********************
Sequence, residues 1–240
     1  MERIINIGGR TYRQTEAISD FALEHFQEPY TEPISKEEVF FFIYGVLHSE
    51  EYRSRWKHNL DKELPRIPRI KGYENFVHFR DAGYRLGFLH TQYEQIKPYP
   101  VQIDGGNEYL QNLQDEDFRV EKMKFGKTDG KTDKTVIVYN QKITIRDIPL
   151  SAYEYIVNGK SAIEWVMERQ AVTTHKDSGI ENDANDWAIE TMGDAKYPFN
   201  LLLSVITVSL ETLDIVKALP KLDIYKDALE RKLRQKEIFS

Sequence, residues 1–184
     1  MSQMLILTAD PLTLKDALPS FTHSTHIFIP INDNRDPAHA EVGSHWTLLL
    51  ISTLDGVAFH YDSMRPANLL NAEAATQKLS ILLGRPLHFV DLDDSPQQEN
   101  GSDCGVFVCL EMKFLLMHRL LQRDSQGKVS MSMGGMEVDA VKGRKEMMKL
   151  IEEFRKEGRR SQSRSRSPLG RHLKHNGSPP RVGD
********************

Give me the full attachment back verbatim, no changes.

Sequence, residues 1–240
     1  MERIINIGGR TYRQTEAISD FALEHFQEPY TEPISKEEVF FFIYGVLHSE
    51  EYRSRWKHNL DKELPRIPRI KGYENFVHFR DAGYRLGFLH TQYEQIKPYP
   101  VQIDGGNEYL QNLQDEDFRV EKMKFGKTDG KTDKTVIVYN QKITIRDIPL
   151  SAYEYIVNGK SAIEWVMERQ AVTTHKDSGI ENDANDWAIE TMGDAKYPFN
   201  LLLSVITVSL ETLDIVKALP KLDIYKDALE RKLRQKEIFS

Sequence, residues 1–184
     1  MSQMLILTAD PLTLKDALPS FTHSTHIFIP INDNRDPAHA EVGSHWTLLL
    51  ISTLDGVAFH YDSMRPANLL NAEAATQKLS ILLGRPLHFV DLDDSPQQEN
   101  GSDCGVFVCL EMKFLLMHRL LQRDSQGKVS MSMGGMEVDA VKGRKEMMKL
   151  IEEFRKEGRR SQSRSRSPLG RHLKHNGSPP RVGD